Academic and Athletic: Balancing Sports and School

Dealing with pressure is an interchangeable skill for student-athletes on and off the field. Photo Courtesy of Ethan Scully.

Striving towards success in academics is a difficult endeavor on its own. Student athletes are presented with a unique challenge, juggling both schoolwork and their sport, with commitments demanding much of their time and energy. Recently, SUNY New Paltz honored 18 of these athletes who maintained a 4.0 GPA in the Spring 2021 semester. The Oracle spoke to two athletes who were honored: Hannah Ackerman, a fourth-year psychology student on the field hockey team and Michael Boccarossa, a graduate student pursuing a master’s in elementary education on the baseball team.  

Though they lead different lives, both Ackerman and Boccarossa make use of routines and schedules to coordinate and plan out their day. For Ackerman, a day of classes, practices and work is sprinkled with homework and essential needs in the brief free moments that she has. To sustain and follow this schedule, she emphasized forming good habits surrounding work ethic and maintaining a supportive circle of teammates who keep her accountable. Ackerman also found that writing things out is a great way to keep herself focused and on track. 

Boccarossa shared similar strategies with The Oracle, as he primarily emphasized writing things out and building a support system to keep himself accountable. For graduate students, classes are only held once a week, but the workload is much greater to compensate for that time. One strategy he mentioned was writing out every assignment listed on his syllabi, ensuring that he could plan accordingly and not miss a single deadline.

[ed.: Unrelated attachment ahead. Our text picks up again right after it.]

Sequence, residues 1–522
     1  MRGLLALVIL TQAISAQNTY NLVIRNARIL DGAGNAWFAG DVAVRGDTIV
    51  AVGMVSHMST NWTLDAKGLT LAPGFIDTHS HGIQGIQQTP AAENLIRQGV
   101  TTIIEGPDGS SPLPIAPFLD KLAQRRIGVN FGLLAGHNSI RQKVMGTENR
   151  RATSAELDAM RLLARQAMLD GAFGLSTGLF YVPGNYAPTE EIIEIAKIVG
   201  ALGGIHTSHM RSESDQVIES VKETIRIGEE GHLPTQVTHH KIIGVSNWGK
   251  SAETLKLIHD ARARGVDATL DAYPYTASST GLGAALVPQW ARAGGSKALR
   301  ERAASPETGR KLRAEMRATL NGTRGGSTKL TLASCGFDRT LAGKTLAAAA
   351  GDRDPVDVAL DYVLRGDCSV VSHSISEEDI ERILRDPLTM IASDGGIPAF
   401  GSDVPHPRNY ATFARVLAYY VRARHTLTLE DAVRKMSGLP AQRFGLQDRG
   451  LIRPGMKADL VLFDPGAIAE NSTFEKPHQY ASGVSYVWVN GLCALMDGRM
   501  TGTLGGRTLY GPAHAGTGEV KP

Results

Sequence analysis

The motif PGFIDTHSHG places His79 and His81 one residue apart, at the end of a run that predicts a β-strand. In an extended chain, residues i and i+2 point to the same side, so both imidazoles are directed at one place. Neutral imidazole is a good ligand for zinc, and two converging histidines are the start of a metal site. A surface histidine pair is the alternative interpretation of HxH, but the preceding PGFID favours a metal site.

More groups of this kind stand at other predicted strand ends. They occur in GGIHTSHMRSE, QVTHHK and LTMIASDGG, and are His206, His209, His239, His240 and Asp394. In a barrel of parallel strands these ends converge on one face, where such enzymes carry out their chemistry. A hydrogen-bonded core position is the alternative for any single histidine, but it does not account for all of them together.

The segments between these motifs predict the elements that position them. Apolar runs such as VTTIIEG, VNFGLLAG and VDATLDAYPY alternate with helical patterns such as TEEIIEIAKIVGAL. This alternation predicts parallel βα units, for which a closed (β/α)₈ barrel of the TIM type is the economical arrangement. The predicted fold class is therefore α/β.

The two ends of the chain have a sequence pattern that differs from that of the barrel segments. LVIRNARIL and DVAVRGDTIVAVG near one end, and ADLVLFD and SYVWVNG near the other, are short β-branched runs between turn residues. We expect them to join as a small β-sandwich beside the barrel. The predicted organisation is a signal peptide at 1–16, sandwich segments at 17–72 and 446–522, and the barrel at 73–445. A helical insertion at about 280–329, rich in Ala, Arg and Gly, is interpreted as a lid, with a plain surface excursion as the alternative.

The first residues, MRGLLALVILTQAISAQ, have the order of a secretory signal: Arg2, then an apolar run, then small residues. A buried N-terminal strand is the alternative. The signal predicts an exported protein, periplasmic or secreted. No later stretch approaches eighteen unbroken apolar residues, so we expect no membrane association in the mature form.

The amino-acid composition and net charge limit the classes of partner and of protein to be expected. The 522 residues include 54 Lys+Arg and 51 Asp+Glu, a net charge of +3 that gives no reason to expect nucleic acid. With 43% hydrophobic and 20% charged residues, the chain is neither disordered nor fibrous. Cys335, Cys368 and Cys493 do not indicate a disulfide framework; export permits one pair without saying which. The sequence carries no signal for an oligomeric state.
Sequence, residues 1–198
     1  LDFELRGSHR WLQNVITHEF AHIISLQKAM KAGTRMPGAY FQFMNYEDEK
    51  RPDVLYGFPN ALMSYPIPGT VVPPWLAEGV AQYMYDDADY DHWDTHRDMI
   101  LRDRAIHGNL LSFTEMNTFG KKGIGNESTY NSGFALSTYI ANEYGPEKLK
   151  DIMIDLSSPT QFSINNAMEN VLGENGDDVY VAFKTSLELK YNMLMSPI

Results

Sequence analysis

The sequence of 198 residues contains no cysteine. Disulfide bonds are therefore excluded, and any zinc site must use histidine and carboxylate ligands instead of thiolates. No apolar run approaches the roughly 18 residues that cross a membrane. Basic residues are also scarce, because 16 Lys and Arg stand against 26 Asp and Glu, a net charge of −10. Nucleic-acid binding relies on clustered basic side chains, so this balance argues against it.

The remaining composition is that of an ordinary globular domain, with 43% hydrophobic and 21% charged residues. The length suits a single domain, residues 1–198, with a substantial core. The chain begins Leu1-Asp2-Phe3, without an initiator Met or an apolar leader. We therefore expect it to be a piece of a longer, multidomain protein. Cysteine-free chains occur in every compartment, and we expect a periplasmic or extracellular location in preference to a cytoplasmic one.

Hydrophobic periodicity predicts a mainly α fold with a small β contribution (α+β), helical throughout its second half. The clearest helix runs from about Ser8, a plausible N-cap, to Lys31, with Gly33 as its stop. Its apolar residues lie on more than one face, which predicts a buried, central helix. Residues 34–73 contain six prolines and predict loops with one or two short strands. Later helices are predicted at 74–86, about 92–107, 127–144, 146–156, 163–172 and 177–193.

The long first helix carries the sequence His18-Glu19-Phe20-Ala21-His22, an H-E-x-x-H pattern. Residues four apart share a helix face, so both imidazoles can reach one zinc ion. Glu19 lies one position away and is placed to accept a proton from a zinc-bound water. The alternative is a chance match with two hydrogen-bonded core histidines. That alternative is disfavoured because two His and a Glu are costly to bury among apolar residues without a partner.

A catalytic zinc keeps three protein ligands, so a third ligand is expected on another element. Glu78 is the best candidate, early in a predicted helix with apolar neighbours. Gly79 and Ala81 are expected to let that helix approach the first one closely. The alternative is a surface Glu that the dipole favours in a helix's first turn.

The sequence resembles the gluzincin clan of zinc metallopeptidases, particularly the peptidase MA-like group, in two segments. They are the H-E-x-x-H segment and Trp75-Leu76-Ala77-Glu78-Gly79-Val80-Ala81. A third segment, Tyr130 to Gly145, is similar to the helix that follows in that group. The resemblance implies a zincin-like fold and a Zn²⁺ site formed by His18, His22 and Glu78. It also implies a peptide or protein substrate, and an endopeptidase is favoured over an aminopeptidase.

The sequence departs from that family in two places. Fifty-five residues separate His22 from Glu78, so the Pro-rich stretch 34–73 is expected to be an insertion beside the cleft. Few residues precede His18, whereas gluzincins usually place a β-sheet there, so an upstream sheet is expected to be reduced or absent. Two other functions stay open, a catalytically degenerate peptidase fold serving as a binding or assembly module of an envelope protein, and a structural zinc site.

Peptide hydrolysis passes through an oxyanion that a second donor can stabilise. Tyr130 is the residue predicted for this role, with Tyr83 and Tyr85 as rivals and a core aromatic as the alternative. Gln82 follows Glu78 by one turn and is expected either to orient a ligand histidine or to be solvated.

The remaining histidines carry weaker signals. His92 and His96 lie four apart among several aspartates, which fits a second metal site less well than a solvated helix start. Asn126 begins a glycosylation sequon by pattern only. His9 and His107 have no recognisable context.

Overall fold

Good habits and work ethics are lifelong skills that require practice and effort to build up. Though these skills can be developed at any stage in life, for Ackerman and Boccarossa, those skills were instilled early on in elementary and middle school. As they have developed both as students and as athletes, they have learned to foster those habits and maintain a good, sustainable work ethic as they transitioned into college. 

That is not to say, however, that things are always easy. Ackerman told The Oracle that when faced with stress, she works through the situation one step at a time rather than backing down. She shared that, “the more I push myself, the easier it is to get through, which makes it easier for when things do get harder.” This does not mean that Ackerman necessarily overloads her schedule, but that working through challenges is a necessary part of nurturing a good work ethic. Along with that, having a strong support system is crucial to success. Ackerman credits her teammates, coaches and the Athletics Department for their patience and understanding. 

The ability to deal with school pressure goes hand in hand with pressure in sports as well, Boccarossa highlighted, as student athletes utilize similar strategies in both situations to face challenges. Boccarossa’s established routine allows him to complete necessary work, while also providing the space to take a step back if needed. When it is time to get back to work though, he stressed the importance of going the extra mile, connecting with professors face-to-face and putting in the effort. It is a key step for student athletes — or any student — to take to achieve success. Prioritization, as Boccarossa emphasized, is key, and students looking to succeed “will find a way to get it done and be successful” efficiently and with utmost pride in their work and in themselves.